“In der Heimat blüh’n die Rosen – nicht für mich den Heimatlosen”, sings Count Boleslav in his first big solo in Polnische Hochzeit: “In my home country roses are blossoming, but not for me, I am without a homeland.” These are words from the 1937 show, premiered in Switzerland, that could just as easily come from the biography of the composer himself.
Joseph Beer was born in 1908 in Lemberg (Lwów, Lviv). Back then, this was part of the Austrian-Hungarian empire, but 10 years later it was to become one of the most important cities of Poland. Beer studied in Vienna, after the “Anschluss” in 1938 he fled to France.
He first went to Paris. Helped by the director of the Théâtre du Châtelet he earned his living by writing music for the film Festival du Monde. After failing to reach the Unites States, he ended up in Nice. During his years in hiding Beer composed Stradella in Venice there, an opera in the verismo style (premiere Zurich, 1949), which turned out to be his final one. After the war Beer got the news that his parents were killed in Auschwitz. Also his friend, mentor and librettist of Polnische Hochzeit, Fritz Löhner-Beda, had not survived the camps.
In the early fifties Beer married Hanna Königsberg, also a Holocaust survivor (Königsberg fled Germany as a child, with her parents). Together with her and their two daughters he remained in Nice until his death in 1987.
Beer never got over the sad news of the loss of his family. He withdrew from public life and stopped composing. Instead, he threw himself into studying musicology. In 1966 he defended his thesis: ‘The Evolution of Harmonic Style in the Work of Scriabin.’
After the war, Polnische Hochzeit was never performed again. Beer himself refused to give permission. We can only guess why he did so, but apparently the confrontation with the operetta was too painful for him. The operetta and its subject matter were too close to his heart.
But Beer never denied his roots. According to his daughter Béatrice he always felt a Jew in the first place, and immediately after, a Pole. Not an Austrian, please, but also not a Frenchman. He lived in France for almost fifty years, and was declared a French citizen after the war, but his heart remained in Lwów, although he never saw that city again. He also spoke Polish fluently, which no doubt helped him to get the rhythms in his score right.
It is hard to believe, but Beer composed Polnische Hochzeit in only three weeks. Because of the difficult theater situation in Austria, the show was first presented in Switzerland – with a libretto by Kalman’s and Lehár’s co-authors Alfred Grünwald and Fritz Löhner-Beda, who also collaborated with Abraham. The premiere in 1937 in Zurich was an immediate hit. It was translated into eight languages and had 40 subsequent productions elsewhere, outside of Nazi Germany.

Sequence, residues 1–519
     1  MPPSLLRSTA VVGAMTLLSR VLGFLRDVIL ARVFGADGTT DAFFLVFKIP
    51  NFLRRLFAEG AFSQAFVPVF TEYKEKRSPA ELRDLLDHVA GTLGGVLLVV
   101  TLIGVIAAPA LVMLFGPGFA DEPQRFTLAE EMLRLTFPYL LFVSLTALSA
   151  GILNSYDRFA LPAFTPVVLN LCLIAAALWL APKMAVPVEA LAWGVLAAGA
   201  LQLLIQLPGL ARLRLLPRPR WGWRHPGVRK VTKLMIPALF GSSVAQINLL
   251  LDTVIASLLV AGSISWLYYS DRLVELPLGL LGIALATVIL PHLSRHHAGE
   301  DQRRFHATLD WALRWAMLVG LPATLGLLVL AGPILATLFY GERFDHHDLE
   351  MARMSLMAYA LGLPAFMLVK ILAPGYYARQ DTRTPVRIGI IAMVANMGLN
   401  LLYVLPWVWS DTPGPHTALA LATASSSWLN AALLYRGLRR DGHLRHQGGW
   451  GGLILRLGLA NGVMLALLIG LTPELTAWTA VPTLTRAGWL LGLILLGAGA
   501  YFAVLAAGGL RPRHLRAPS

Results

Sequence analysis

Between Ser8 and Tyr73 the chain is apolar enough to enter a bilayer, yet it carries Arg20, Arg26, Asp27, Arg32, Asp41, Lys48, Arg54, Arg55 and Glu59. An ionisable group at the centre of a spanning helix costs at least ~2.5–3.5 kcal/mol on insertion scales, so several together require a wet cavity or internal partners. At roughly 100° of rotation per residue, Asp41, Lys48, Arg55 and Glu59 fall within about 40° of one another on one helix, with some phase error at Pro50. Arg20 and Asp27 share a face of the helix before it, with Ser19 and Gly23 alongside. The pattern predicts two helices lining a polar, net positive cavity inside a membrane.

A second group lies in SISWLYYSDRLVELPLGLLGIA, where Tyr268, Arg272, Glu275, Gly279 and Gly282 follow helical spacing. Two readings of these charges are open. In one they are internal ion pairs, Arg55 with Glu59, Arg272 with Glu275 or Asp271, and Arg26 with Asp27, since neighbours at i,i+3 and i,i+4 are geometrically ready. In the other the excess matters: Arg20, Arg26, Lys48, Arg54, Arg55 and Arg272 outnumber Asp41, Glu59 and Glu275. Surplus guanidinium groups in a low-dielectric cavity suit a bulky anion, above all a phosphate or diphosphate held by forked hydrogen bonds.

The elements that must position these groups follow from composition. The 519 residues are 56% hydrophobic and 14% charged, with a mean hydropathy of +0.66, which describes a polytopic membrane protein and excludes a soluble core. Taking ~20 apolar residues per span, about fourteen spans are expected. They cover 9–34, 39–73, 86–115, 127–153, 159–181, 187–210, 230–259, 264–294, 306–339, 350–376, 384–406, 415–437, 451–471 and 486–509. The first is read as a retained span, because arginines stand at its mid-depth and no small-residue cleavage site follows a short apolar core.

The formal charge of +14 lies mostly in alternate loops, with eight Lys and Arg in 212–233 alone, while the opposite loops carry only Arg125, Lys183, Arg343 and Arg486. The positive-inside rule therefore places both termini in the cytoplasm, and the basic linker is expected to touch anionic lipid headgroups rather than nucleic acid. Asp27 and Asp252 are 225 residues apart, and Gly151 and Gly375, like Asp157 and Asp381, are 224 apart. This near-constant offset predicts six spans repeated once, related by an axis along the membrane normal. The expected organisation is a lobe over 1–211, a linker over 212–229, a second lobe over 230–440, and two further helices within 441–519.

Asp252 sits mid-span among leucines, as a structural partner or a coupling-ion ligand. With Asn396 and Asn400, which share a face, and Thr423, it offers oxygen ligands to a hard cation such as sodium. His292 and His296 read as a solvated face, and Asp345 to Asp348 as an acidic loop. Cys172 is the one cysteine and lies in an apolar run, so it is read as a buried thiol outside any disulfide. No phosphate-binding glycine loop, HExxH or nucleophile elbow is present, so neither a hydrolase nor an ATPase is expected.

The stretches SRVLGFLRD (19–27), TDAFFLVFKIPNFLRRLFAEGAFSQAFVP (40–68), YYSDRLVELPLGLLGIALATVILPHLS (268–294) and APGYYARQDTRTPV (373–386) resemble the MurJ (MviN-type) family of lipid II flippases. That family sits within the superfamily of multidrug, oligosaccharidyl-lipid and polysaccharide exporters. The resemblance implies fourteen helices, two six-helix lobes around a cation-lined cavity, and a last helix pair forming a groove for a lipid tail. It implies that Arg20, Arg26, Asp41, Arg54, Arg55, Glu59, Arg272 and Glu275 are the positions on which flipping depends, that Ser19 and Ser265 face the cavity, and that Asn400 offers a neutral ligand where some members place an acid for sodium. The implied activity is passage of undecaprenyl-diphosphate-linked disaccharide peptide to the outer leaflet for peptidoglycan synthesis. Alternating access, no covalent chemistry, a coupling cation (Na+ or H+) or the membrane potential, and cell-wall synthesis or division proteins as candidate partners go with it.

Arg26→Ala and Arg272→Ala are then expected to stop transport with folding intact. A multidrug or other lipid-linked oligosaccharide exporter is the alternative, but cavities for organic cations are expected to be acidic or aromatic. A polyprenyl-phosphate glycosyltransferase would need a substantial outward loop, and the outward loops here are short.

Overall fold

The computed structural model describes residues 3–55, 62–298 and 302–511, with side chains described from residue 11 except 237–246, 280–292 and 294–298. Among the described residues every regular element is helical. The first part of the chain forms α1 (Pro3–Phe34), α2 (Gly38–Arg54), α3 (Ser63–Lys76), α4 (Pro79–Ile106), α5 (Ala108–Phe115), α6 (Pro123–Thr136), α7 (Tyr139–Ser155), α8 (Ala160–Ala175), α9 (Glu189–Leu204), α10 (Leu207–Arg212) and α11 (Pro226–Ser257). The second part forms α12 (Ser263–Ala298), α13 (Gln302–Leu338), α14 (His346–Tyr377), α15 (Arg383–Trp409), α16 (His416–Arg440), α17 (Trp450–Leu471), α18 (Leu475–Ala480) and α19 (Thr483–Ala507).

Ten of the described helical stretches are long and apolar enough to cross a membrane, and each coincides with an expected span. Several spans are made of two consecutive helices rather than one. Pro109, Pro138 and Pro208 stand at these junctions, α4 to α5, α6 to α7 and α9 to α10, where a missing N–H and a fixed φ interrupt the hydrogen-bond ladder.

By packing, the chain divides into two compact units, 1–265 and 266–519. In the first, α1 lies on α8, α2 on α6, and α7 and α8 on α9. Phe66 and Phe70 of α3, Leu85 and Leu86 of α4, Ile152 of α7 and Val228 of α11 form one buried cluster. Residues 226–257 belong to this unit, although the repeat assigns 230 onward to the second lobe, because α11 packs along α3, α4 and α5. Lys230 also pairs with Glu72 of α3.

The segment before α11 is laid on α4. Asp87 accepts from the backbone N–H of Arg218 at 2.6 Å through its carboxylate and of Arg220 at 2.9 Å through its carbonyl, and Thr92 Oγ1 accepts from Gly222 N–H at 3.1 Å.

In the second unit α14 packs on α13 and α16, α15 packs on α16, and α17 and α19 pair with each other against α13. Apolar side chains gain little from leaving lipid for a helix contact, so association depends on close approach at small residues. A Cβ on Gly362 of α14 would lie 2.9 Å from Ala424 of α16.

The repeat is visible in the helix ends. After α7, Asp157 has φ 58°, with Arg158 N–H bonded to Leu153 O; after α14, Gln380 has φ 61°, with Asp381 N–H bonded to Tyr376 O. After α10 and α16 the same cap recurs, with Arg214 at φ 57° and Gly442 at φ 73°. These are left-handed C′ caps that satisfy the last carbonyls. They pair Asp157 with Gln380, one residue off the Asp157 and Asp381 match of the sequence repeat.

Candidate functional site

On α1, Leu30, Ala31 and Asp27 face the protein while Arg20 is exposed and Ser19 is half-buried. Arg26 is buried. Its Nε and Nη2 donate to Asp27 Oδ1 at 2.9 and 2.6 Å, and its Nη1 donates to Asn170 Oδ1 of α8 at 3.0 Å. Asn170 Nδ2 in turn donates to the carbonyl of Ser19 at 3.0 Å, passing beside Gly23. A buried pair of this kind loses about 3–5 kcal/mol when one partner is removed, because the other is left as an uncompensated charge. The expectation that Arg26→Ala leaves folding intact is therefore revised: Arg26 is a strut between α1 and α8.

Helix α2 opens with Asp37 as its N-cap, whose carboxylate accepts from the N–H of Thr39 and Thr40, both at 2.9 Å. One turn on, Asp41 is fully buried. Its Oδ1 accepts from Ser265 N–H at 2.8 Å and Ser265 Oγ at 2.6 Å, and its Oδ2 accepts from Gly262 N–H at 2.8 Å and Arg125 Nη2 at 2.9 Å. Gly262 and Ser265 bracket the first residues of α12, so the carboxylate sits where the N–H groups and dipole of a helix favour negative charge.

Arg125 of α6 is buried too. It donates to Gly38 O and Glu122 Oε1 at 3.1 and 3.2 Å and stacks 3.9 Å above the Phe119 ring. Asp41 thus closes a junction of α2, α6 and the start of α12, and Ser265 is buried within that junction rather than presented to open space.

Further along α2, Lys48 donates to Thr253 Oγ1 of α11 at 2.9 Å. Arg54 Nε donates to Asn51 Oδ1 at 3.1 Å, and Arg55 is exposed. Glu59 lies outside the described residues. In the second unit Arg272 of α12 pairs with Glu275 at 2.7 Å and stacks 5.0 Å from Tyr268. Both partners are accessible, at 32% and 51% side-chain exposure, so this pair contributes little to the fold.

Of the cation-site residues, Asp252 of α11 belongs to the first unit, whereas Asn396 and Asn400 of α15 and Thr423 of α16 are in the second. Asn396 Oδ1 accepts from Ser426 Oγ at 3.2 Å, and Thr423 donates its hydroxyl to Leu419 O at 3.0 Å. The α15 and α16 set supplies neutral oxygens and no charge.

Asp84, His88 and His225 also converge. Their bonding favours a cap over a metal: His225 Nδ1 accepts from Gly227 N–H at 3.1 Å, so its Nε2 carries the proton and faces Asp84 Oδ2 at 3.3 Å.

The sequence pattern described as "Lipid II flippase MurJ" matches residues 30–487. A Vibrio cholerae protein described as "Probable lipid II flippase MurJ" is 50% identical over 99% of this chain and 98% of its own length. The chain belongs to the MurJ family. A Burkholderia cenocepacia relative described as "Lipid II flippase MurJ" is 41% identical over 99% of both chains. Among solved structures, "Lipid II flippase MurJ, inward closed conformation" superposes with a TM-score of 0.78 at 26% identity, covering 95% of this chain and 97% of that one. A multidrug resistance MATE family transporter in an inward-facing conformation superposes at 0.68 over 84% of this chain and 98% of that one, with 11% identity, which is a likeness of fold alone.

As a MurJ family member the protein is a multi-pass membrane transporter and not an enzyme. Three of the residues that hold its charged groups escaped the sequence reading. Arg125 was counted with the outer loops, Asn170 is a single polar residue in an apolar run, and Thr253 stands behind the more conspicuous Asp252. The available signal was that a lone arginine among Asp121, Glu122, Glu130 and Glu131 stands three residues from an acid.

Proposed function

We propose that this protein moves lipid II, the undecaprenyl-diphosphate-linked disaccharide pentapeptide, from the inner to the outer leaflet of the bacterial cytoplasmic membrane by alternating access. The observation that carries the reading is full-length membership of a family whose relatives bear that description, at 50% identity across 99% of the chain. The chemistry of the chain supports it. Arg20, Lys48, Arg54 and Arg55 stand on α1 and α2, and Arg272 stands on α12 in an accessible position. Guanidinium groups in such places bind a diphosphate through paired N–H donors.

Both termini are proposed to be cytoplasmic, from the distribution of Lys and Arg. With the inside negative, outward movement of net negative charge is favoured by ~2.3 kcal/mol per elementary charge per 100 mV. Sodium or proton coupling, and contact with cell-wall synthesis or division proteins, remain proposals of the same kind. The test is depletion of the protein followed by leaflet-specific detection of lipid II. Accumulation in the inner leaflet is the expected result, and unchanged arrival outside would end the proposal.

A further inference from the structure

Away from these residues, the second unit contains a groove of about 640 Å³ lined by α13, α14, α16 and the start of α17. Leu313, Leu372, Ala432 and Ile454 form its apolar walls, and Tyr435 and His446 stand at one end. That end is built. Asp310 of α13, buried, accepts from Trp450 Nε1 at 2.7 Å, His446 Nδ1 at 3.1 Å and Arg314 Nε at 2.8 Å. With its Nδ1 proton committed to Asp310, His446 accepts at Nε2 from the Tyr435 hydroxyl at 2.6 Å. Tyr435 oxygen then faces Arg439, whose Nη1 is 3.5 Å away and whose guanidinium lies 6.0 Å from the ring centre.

Under the title Les Noces Polonaises the new production of the opera was planned for October 1, 1939, in the Théâtre du Châtelet. Jan Kiepura and Martha Eggerth were supposed to sing the leading roles, but a month before opening night the Nazis started World War II.
Polnische Hochzeit is a voluptuous operetta in the Viennese tradition. One can detect echoes of Emmerich Kálmán and Paul Abraham, but the score is also filled by Polish folk dances and Jewish melodies. But there are also many “modern” syncopated numbers, e.g. the duet “Katzenaugen” (Cat’s Eyes), a veritable Charleston.
What sets Polnische Hochzeit apart is the patriotic story set in 1830 Poland, a country occupied by the Russians. Childhood sweethearts Boleslav and Jadja meet once more when Boleslav returns home. Jadja is now engaged to Boleslav’s rich uncle Staschek, but the witty maid Suze (a female sort of Figaro) finds a way to untangle the engagement and get Boleslav and Jadja together in the end. Just think of Don Pasquale..
Nikolai Schukoff is someone I encounter more and more often in operettas, and that makes me very happy. His tenor is very suited for the genre, much more than for his usual Wagnerian repertoire which has left traces in his voice. They are not dramatic, but he needs time to vocally warm up (it’s a live recording). By the time he sings the mazurka “Polenland, mein Heimatland” (Poland, my home country) he – and his voice – are in full swing. He dazzles with some glorious top notes and demonstrates a great sense of rhythm. In this, he is perfectly supported by conductor Ulf Schirmer. And the longing and passionate way Schukoff sings “Du bist meine große Liebe” (You are my big love) is something even colleagues like Nicolai Gedda couldn’t top.
Teaser for the cpo CD “Polnische Hochzeit” by Joseph Beer with Nikolai Schukoff:
Martina Rüping is a wonderful Jadja. She sings “Wenn die Mädel zu Mazurka gehen” with warm soprano tones, and she adds a certain melancholy that is touching, as is the song itself. Just like the duet “Herz and Herz” (heart to heart). I melted away.
Michael Kupfer-Radecky is an impressive Count Staschek, and Susanne Bernhard a wonderful as Suze.
It’s certainly one of the best CPO operetta releases.
The 1st page of the young heroin Jadja’s gorgeous aria (Wunderbare Träume)